Calling it a barnburner would be a disservice to the two tons of napalm Rau’shee Warren and Juan Carlos Payano dropped on the nearest grain silo.
Warren and Payano weren’t just fighting in a phone booth Sunday night at Full Sail Live in Winter Park, Florida, they may as well have been fighting inside a coffin. The two undefeated repeat Olympians hammered away at each other like their lives depended on it, as if losing that “0” was worse than getting lowered into the ground.
In the end, only one could walk away unbeaten, though. That honor went to Juan Carlos Payano (17-0, 8 KOs) who slipped through a narrow split decision on two 113-111 cards to Rau'shee Warren’s (13-1, 4 KOs) lone 115-109 tally.
Longtime right winger Pat Verbeek earned himself the nickname “Little Ball of Hate” as a New York Ranger in 1995. If ever a moniker needed to migrate from the rink to the ring, it’s that one in regard to Payano.
The former Dominican Republic Olympian was all over Warren like a $20 Brooks Brothers knockoff. Not that Warren seemed to mind. The Athens, Beijing and London Games vet hammered away in kind in a fight that was as much bar brawl as it was boxing match.
In the third, referee Frank Santore took a point from Payano for repeatedly hitting Warren in the back. In the fourth, Warren sent Payano reeling with an unintentional low blow. Payano writhed on the canvas, at one point rolling under the ropes and onto the apron, while he recovered. Then in the ninth, Warren wrestled Payano to the ground and threw a shot while he was down. Santore ruled it an intentional foul and took two points from Warren over fervent protests from the Cincinnati-born fighter.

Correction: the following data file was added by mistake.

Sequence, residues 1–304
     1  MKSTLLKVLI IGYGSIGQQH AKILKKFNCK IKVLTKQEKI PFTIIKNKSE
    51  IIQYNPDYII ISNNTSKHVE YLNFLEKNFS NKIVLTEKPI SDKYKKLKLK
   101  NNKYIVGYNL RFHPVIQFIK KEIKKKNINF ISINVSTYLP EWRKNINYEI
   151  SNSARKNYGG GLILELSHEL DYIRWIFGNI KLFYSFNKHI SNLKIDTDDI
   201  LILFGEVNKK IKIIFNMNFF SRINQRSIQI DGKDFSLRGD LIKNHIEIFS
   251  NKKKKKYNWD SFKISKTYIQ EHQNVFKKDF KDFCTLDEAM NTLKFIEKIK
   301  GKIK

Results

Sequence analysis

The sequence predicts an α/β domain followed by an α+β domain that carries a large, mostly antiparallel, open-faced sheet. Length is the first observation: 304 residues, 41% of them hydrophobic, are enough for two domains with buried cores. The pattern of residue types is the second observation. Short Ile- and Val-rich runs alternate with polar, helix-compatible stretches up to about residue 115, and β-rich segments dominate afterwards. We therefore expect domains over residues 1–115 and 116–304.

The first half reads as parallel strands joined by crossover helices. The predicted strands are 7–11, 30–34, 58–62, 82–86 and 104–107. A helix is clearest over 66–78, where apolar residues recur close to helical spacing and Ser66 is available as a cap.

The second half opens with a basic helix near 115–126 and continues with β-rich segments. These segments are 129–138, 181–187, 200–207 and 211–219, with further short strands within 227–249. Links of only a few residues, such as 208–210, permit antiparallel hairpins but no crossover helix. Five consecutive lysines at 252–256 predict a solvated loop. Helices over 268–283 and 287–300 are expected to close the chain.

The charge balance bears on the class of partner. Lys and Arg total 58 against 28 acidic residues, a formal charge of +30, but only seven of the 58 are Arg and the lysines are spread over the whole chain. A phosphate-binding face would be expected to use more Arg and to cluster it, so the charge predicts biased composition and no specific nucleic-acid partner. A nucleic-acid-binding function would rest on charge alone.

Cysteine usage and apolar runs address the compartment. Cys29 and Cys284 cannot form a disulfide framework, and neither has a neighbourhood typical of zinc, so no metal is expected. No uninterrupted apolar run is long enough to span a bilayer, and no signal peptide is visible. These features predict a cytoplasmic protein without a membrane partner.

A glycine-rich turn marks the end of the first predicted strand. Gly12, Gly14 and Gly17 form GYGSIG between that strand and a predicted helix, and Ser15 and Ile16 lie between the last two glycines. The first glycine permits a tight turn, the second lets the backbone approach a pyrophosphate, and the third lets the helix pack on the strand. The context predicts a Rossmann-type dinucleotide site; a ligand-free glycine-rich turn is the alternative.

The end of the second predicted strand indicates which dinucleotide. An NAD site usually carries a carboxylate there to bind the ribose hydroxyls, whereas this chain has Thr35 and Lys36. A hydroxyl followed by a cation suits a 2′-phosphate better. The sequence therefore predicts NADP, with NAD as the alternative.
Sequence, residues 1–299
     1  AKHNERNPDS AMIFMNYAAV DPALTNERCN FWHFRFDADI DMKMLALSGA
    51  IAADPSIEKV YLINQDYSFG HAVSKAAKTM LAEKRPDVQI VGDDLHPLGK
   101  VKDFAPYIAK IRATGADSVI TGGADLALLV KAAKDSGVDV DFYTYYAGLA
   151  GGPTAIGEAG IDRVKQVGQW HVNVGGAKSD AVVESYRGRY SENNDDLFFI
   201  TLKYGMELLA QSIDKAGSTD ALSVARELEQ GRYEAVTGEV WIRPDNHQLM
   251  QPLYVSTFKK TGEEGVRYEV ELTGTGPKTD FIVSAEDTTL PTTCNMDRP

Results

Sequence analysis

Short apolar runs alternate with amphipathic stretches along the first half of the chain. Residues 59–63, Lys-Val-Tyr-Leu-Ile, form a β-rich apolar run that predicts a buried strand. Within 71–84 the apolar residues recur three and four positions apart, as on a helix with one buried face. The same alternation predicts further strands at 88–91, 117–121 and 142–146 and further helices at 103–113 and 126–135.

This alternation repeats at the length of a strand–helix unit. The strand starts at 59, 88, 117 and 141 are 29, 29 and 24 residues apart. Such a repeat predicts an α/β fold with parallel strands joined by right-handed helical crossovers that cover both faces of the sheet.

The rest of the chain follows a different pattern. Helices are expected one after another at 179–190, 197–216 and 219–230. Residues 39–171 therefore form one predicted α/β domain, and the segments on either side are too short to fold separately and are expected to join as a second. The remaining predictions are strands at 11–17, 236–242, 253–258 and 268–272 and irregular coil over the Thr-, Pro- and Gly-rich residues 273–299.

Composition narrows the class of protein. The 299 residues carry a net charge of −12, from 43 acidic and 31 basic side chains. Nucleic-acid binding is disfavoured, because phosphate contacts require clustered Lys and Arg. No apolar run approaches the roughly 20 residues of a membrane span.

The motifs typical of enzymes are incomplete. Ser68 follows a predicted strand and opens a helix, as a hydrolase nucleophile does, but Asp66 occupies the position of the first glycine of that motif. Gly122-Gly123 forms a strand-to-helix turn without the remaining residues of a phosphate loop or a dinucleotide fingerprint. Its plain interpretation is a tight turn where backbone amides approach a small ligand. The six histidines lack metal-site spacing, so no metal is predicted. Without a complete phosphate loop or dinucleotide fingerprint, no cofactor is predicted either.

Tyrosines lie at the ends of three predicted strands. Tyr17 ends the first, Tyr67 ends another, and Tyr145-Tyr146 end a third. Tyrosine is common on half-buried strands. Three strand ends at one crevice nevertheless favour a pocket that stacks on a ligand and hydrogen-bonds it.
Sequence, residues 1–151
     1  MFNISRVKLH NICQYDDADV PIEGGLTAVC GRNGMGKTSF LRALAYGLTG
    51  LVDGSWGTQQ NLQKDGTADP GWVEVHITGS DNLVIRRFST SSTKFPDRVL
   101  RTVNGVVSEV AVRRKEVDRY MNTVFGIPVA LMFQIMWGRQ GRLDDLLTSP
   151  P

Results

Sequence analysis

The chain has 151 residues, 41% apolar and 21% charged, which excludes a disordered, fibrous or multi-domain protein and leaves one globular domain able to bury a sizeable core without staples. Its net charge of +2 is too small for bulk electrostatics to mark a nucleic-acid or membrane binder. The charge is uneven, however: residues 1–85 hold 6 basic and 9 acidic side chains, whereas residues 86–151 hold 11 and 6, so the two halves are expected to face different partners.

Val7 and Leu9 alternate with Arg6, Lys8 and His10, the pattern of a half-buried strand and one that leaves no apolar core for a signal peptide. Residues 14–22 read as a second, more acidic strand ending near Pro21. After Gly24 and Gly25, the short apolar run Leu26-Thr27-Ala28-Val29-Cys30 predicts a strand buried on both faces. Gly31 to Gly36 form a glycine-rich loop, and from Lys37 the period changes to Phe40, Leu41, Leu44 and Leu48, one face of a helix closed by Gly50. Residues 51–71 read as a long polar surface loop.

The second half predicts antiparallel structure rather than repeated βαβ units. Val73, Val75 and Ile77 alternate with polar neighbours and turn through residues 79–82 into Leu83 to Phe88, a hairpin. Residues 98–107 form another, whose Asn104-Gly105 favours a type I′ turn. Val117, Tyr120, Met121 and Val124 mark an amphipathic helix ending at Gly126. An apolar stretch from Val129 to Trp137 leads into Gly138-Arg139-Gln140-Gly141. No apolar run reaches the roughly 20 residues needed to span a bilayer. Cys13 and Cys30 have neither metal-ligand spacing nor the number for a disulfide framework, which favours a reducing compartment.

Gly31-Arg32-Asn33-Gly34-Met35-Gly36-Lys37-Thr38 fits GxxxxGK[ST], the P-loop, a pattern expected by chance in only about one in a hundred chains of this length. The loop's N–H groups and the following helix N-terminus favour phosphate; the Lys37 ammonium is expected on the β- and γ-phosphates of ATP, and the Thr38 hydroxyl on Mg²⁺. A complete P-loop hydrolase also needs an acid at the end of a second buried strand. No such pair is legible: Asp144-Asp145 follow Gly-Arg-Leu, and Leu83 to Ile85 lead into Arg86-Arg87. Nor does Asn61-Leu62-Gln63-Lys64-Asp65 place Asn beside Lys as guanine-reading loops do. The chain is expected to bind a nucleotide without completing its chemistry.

It proved to be a difference-maker.
"The one judge had it heavily for me, so I don't know what was up with the others,” Warren said. “I think the point deductions really hurt me. [Payano] said I hit him while he was down and it cost me.”
Warren wasted no time getting back to work. He pounded at a cut over Payano’s right eye that bled so badly Santore called time and had the ring doctor determine whether or not Payano could continue.
The pressure paid off in the 12th when Warren finally put Payano down with two big rights in quick succession. But the relentless Dominican channeled his inner Bruce Lee and did a kickflip up off the mat to get back to his feet before Santore counted three.
“Every now and then he hit me with something that affected me, but I feel good,” Payano said.
Fellow Cincinnatian Adrien Broner, who admitted on the Bounce TV broadcast that he took his first beating from Warren as kids just learning to spar in the gym, was there to offer some consolation to Warren. Not that he needed it.
"I want a rematch,” Warren said. “I'll be back strong."
In earlier action, John Jackson picked up a unanimous decision over Dennis Laurente, while Jorge Cota Lugo got the nod from all three judges in a wildly entertaining high-energy tilt against Yudel Jhonson in a four-man 154-pound tournament. Jackson and Cota Lugo will meet in the finals on a date to be determined.